Hydrogen peroxide is a clear, self-neutralizing, unstable oxidizing bleach that should be stored in a dark, cool place, in a dark colored bottle and kept no more than 6 months. When using hydrogen peroxide, such as whitening grayed rug fringes, start with the 3% strength found in most drug stores. Do not leave on stain more than 30 minutes and follow with wet extraction to ensure complete removal to prevent residual bleaching. In some cases, 3% hydrogen peroxide can be left on the stain on nylon carpet overnight without rinsing, but some risk is involved. Hydrogen peroxide oxidation can be accelerated by an alkali (pH over 7), by heat (very risky) or simply by sunlight. Hydrogen peroxide simply breaks down to water and oxygen as it dries, leaving no residue.

    Pretest in an inconspicuous area for bleaching or discoloration of the carpet or rug dyes. Get a signed release because the carpet dyes may be irreversibly bleached out or changed. Attempt only on light colors. Use on wool VERY carefully. 3% hydrogen peroxide is excellent for whitening cotton fringes on oriental design rugs.

    The 40-volume clear hydrogen peroxide from the beauty supply house (usually labeled “40 Volume Clear Developer”) is 12% strength. The 30% hydrogen peroxide from chemical suppliers is 100 volume. “Volume” is not the same as “per-cent”!

    Oxidizing bleaches are excellent against stains from mildew, furniture, ink, coffee, cellulosic browning, urine and feces.

    Chlorine bleach should only be used on solution dyed fibers. On 100% olefin carpet, it may be used undiluted, but should be rinsed out after use. On solution dyed nylon, it should be diluted to at least 1 part bleach to 4 parts water before use. Chlorine bleach will damage even solution-dyed nylon fibers and should only be used when nothing else works! ALWAYS extract out chlorine bleach after use. Be sure there is no bleach on your shoes, hoses, etc. where it might get on other carpet or furniture. NEVER mix chlorine bleach with any other chemicals. Household chlorine bleach is about 5.25% sodium hypochlorite with a pH of about 12! Chlorine bleach, even dry, can still be reactivated with water and its residue is caustic soda. Chlorine bleach dissolves wool and severely weakens cotton. NEVER bring a bottle of chlorine bleach into a house!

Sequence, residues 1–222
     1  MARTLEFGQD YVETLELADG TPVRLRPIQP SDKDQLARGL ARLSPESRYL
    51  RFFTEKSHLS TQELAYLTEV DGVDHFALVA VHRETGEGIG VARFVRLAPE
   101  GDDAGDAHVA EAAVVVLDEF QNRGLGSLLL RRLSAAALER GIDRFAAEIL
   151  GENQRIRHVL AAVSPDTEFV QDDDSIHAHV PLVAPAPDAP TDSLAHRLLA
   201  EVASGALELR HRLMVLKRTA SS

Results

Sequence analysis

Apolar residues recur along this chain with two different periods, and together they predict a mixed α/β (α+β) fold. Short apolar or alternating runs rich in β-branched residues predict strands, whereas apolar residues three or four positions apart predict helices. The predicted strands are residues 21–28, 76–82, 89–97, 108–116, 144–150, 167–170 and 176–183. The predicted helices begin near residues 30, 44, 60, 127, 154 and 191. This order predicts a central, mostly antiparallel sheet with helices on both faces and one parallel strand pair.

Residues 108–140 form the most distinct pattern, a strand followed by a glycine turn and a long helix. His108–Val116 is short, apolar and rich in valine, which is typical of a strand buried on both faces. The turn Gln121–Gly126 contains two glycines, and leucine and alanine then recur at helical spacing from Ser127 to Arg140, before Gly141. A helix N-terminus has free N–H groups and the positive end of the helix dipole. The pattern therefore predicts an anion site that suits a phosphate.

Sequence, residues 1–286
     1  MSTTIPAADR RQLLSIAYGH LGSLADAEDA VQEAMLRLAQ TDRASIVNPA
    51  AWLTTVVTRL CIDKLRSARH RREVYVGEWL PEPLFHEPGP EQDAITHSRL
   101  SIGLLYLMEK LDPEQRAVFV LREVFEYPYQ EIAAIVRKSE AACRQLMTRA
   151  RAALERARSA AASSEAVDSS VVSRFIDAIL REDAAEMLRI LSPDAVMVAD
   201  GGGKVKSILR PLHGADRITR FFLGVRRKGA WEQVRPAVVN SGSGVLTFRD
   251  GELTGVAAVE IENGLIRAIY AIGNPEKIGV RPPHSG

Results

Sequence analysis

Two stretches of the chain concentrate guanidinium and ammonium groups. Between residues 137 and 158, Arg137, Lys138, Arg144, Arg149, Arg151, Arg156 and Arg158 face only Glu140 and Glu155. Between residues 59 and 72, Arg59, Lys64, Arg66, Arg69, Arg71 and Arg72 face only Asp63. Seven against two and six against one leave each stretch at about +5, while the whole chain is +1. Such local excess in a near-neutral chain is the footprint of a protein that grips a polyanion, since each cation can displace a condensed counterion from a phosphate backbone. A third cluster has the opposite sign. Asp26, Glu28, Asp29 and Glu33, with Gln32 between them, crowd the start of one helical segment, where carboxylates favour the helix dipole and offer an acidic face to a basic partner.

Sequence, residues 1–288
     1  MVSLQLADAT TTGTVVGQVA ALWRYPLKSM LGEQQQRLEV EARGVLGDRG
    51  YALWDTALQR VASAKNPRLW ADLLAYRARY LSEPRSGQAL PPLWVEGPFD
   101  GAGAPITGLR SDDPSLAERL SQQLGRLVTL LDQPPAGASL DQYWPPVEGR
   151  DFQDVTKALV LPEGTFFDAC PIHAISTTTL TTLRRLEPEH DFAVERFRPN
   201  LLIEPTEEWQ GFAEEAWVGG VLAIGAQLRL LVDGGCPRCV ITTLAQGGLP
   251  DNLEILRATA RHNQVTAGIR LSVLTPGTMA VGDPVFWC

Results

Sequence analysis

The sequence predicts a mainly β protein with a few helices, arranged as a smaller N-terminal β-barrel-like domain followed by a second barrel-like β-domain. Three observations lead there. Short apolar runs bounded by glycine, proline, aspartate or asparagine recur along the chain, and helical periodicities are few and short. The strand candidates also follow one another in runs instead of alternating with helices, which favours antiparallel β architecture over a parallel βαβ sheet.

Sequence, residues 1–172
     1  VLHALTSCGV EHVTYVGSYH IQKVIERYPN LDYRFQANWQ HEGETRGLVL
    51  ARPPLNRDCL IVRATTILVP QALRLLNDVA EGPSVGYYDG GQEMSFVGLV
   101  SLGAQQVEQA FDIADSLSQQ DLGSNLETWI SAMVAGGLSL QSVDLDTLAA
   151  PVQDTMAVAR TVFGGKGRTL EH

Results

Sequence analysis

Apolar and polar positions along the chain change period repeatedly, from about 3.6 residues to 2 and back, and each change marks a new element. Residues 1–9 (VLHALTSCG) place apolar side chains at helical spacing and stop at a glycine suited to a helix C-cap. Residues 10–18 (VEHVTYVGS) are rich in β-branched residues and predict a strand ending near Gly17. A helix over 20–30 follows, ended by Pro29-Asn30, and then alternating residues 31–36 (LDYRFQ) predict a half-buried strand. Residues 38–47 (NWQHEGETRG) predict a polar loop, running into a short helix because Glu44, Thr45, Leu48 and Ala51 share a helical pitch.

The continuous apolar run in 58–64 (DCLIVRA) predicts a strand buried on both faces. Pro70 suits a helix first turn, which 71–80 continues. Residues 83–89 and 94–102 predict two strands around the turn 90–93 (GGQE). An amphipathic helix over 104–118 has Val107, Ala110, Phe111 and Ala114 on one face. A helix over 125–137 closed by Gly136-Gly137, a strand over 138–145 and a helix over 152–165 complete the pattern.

A reducing bleach is a chemical that loses electrons and removes oxygen from a compound. Reducing bleaches are sometimes called strippers or stripping agents. Examples of reducing bleaches are sodium thiosulfate (photographer’s hypo), titanium stripper, sodium bisulfite and sodium hydrosulfite. Rit® Color Remover, Streepene®, CloroX Bleach Neutralizer, Red 1® Stain Remover and the two-part product Red Relief® contain reducing bleaches. Sodium bisulfite is a weak reducing bleach; sodium hydrosulfite is a very strong reducing bleach. Sodium bisulfite is a common ingredient in Haitian cotton shampoos. Reducing bleaches are accelerated by heat and by acid.

    Reducing bleaches are especially effective against grape juice, Kool-Aid®, wine, iodine and Betadine®. Reducing bleaches also act as “anti-chlors” - neutralizing oxidizing bleaches such as chlorine bleach. CloroX Bleach Neutralize by Pro's Choice is an anti-chlor formulated to neutralize chlorine bleach on carpet.

    To use Rit Color Remover, dissolve 2 ounces of the reducing bleach in VERY hot water, cover the stain with a white turkish towel, pour the solution on the towel, remove the towel after about 10 minutes, thoroughly extract and dry blot. Repeat if needed. Rit Color Remover is commonly sold in discount stores in the laundry area. Its primary active ingredient is sodium hydrosulfite. NOTE: Because this is a powder, protect it from moisture and spills. Of course, Red Relief and Red 1 are more powerful.

    The biggest drawback to reducing bleaches is that the oxygen in air alone may re-oxidize the stain and it will reappear - after all, the stain was simply made colorless, not actually removed or destroyed!

    Related Spotting Information and Articles:

    Related Spot and Stain Removal Videos:

    NOTE: This article is a revised version of an article that originally appeared in the May/June 2000 Bane-Clene Cleaning Digest®.


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    Bane-Clene Paper CatalogFree packet of information about Bane-Clene can be obtained by calling toll-free 1-800-428-9512 (U.S. ONLY!). Your information packet will include a full color catalog and price addendum. Packets will arrive in approximately 2 weeks through standard United States Mail.

    You can also order the packet at the Catalog Request Form.


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    Copyright: Bane-Clene® Corp.

    Date Published: May 1, 2000

    Date Modified: March 19, 2019